Issue #16435 has been updated by Dan0042 (Daniel DeLorme).


If I understand correctly, you are saying that of these:

```ruby
list.select(&:condition?)
list.select{.condition?}
list.select{_1.condition?}
list.select{|x|x.condition?}
```

you consider that the first one provides some kind of clarity of understanding that you don't find in the oher three and that leads to better design?

If that's the case then I'm afraid you've lost me. Apart from niceness of syntax, these four lines are conceptually identical to me. I agree with your example that `select { |o| check some condition (o) }` would be better structured as `select(&:condition?)` ... OR the equivalent (just a bit uglier) `select{_1.condition?}`

I also have an issue with the way you repurpose array literals to play the role of hash/array accessors. That's a hack. It relies on the coincidence that they both use square brackets. What do you expect that `max_by(&ary)` would mean? If there was such a thing as `Array#to_proc` I would expect it to act as if the array was a call-able object. I imagine it would be similar to `Hash#to_proc`, where `hash[key] == hash.to_proc[key]`. Now that would be a semantically meaningful `Array#to_proc`.

----------------------------------------
Feature #16435: Array#to_proc
https://bugs.ruby-lang.org/issues/16435#change-83555

* Author: zverok (Victor Shepelev)
* Status: Open
* Priority: Normal
* Assignee: 
* Target version: 
----------------------------------------
The idea is obvious, but I couldn't find it discussed anywhere on tracker before. Please point me at the previous discussions if any.

```ruby
class Array
  def to_proc
    proc { |v| v.dig(*self) }
  end
end
# Or, alternatively, see about alternatives at the end of proposal:
class Array
  def to_proc
    proc { |v| v[*self] }
  end
end

```
The implementation seems to provide clean and unambiguous collections indexing in Enumerators:
```ruby
# Basic objects data, which could be obtained from JSON, CSV, Database...
data = [
  {name: 'John', department: {id: 1, title: 'Engineering'}, salary: 1000}, 
  {name: 'Jane', department: {id: 1, title: 'Engineering'}, salary: 1200},
  {name: 'Boris', department: {id: 2, title: 'Accounting'}, salary: 800},
  {name: 'Alice', department: {id: 3, title: 'Management'}, salary: 1500}
]
data.map(&[:name])
# => ["John", "Jane", "Boris", "Alice"] 
data.min_by(&[:salary])
# => {:name=>"Boris", :department=>{:id=>2, :title=>"Accounting"}, :salary=>800} 
pp data.group_by(&[:department, :title])
# {"Engineering"=>
#   [{:name=>"John",
#     :department=>{:id=>1, :title=>"Engineering"},
#     :salary=>1000},
#    {:name=>"Jane",
#     :department=>{:id=>1, :title=>"Engineering"},
#     :salary=>1200}],
#  "Accounting"=>
#   [{:name=>"Boris",
#     :department=>{:id=>2, :title=>"Accounting"},
#     :salary=>800}],
#  "Management"=>
#   [{:name=>"Alice",
#     :department=>{:id=>3, :title=>"Management"},
#     :salary=>1500}]}

# Works with arrays, too:
data.map(&:values).map(&[0])
# => ["John", "Jane", "Boris", "Alice"]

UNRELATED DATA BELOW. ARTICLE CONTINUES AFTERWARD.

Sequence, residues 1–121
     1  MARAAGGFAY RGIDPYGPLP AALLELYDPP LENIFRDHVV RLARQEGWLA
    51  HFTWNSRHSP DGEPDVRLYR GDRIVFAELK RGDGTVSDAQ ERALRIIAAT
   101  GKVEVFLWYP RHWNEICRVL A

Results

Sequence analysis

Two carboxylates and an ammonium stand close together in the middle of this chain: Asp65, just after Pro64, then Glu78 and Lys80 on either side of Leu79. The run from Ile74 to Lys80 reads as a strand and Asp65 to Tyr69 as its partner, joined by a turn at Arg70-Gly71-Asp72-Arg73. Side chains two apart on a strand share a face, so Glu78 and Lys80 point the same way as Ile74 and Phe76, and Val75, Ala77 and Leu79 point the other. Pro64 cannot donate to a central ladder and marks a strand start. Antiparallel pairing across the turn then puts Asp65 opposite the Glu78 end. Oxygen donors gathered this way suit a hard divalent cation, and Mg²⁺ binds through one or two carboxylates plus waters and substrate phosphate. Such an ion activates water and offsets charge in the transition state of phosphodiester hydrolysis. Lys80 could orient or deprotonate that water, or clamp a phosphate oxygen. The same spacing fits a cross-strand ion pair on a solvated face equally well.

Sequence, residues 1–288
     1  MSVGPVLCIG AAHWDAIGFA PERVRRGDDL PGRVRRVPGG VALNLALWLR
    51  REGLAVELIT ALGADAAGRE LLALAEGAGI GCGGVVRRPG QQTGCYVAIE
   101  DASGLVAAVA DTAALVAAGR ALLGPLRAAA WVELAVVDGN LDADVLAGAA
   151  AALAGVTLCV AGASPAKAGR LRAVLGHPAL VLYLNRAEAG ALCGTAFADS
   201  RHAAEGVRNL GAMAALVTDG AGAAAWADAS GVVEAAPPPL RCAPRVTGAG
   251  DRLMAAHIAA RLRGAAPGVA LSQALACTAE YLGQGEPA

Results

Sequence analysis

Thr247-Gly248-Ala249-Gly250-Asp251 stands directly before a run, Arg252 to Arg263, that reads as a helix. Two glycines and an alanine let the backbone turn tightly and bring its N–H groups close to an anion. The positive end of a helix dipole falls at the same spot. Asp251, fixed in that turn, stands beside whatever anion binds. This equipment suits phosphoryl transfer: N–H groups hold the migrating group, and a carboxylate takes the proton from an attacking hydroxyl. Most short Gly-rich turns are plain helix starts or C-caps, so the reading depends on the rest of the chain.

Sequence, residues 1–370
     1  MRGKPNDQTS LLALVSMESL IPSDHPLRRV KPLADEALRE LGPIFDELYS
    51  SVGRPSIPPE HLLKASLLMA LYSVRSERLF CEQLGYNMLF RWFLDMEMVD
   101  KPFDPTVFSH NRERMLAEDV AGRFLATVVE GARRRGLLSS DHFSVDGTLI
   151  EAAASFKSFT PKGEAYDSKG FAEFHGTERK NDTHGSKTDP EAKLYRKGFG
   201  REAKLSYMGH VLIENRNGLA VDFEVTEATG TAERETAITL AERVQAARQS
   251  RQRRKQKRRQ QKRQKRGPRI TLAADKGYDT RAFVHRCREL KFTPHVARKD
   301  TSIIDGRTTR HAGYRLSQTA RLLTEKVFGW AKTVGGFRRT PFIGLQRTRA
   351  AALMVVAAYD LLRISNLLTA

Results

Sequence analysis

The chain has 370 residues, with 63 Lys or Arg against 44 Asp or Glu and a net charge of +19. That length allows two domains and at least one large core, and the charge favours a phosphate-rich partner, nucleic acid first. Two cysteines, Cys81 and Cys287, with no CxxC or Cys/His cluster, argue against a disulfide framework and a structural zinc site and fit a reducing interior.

# And with mixes:
data.group_by(&[:department, :title]).values.map(&[0, :name]) 
# => ["John", "Boris", "Alice"]
```

Naked structured data seems to be a common enough thing to make working with them easier.

Some prior info:

* Googling it around, I found the idea was first invented [back in 2014](https://thepugautomatic.com/2014/11/array-to-proc-for-hash-access/), and another one [in 2015](https://gist.github.com/geowy/39fde25ec2966f90a54b), not sure if it was proposed on the tracker.
* Other proposals for `Array#to_proc` was: to call several methods in sequence [1](http://blade.nagaokaut.ac.jp/cgi-bin/scat.rb/ruby/ruby-talk/199820), [2](https://rails.lighthouseapp.com/projects/8994/tickets/1253-arrayto_proc), and to call method with argument [1](https://www.sanityinc.com/articles/adding-array-to-proc-to-ruby/), [2](https://bugs.ruby-lang.org/issues/10829), [3](https://www.rubydoc.info/github/estum/console_utils/Array:to_proc), to call several methods in parallel: [1](https://gist.github.com/shell/1120249)

Honestly, I feel that proposed usage is the most frequently needed.

Also, the readability of the version seems more or less straightforward:

```ruby
# Existing shortcut, for example:
data.map(&:keys)
# Is equivalent to
data.map { |x| x.keys }
#          ^^^^^ -- "just remove this part"

# Proposed shortcut:
data.map(&[:name])
# Is equivalent to
data.map { |x| x[:name] }
#          ^^^^^ -- "just remove this part"
```

**`dig` or `[]` alternative implementations**

It is up to discussion (if the whole idea holds water) whether `dig` should be used or just `[]`. The `dig` version is convenient for nested structures but slightly breaks "equivalency" shown above, and just `[]` version will allow this:
```ruby
data.map(&:values).map(&[1..-1])
# => [[{:id=>1, :title=>"Engineering"}, 1000], [{:id=>1, :title=>"Engineering"}, 1200], [{:id=>2, :title=>"Accounting"}, 800], [{:id=>3, :title=>"Management"}, 1500]]
```

Maybe, for the sake of explainability, "just `[]`" should be preferred, with digging performed by other means.



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